• Firefighters actively fighting an ongoing forest fire;
  • An individual convicted of a crime and about to begin a prison sentence; and
  • An individual with illness and undergoing radiation or chemotherapy treatments.

The aunt or uncle must be able to show to the court that they are fit to care for the child. If there is another relative who is also requesting custody or guardianship, it may be a difficult battle.

Do Aunts and Uncles Have Rights to See Their Nieces and Nephews?

In California, aunts, uncles, grandparents, and other relatives may be able to request visitation with children, even over the objection of the children’s biological or legal parents. These individuals may also be granted visitation even while a custody case is still pending in court.

The third party has to petition the court to be involved in the case and show that visitation would be in the best interests of the child. The petitioner would be required to show the court information that highlights the integral role that they have played in their niece or nephew’s life.

If the evidence provided shows their important role in the child’s life, they may be granted visitation rights, such as weekends or a couple of times each month. The best way to determine whether an individual has the option of requesting visitation rights is to consult with an attorney who has expertise in child custody and can assist the individual with determining what their next steps should be.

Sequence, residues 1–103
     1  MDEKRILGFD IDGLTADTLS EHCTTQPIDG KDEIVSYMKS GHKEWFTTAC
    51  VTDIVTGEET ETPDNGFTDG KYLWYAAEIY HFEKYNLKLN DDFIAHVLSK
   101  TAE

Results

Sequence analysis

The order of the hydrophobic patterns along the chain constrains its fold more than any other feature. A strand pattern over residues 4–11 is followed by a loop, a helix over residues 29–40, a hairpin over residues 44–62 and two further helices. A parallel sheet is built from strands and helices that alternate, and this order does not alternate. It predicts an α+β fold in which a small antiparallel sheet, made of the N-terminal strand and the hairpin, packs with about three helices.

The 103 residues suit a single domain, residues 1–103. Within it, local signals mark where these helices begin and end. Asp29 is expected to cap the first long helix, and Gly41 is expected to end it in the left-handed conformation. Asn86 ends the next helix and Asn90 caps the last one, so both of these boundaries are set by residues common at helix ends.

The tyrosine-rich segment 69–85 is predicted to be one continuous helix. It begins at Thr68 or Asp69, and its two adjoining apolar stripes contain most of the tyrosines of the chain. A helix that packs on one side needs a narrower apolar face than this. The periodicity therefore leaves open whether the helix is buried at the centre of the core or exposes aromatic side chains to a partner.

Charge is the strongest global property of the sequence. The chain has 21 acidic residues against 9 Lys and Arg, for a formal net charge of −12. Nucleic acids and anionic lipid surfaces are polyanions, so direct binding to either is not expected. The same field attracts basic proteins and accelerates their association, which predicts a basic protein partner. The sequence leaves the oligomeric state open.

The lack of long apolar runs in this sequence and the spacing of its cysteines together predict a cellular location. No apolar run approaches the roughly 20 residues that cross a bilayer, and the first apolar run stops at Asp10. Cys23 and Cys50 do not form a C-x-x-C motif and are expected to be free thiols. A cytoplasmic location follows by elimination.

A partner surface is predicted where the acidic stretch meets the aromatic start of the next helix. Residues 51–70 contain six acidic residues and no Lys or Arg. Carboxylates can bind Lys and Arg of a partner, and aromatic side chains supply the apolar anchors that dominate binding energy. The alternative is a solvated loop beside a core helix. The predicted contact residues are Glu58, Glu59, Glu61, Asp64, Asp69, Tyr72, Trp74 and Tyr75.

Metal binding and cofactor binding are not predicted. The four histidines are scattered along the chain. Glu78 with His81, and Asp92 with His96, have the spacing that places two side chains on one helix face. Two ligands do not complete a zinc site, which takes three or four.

Should I Hire a California Attorney for Help with Niece or Nephew Custody?

If you are an aunt or an uncle who wants to get custody of your niece or nephew through the court system, it is essential to consult with a California child custody lawyer. Your lawyer can help you file the petition for guardianship in the proper court where your niece or nephew currently lives.

Your attorney can also advise you about the laws in California and what your legal rights and options will be. These types of cases are complex and will require a thorough examination of your ability to care for your niece or nephew.

Save Time and Money - Speak With a Lawyer Right Away

  • Buy one 30-minute consultation call or subscribe for unlimited calls
  • Subscription includes access to unlimited consultation calls at a reduced price
  • Receive quick expert feedback or review your DIY legal documents
  • Have peace of mind without a long wait or industry standard retainer
  • Get the right guidance - Schedule a call with a lawyer today!

16 people have successfully posted their cases

Find a Lawyer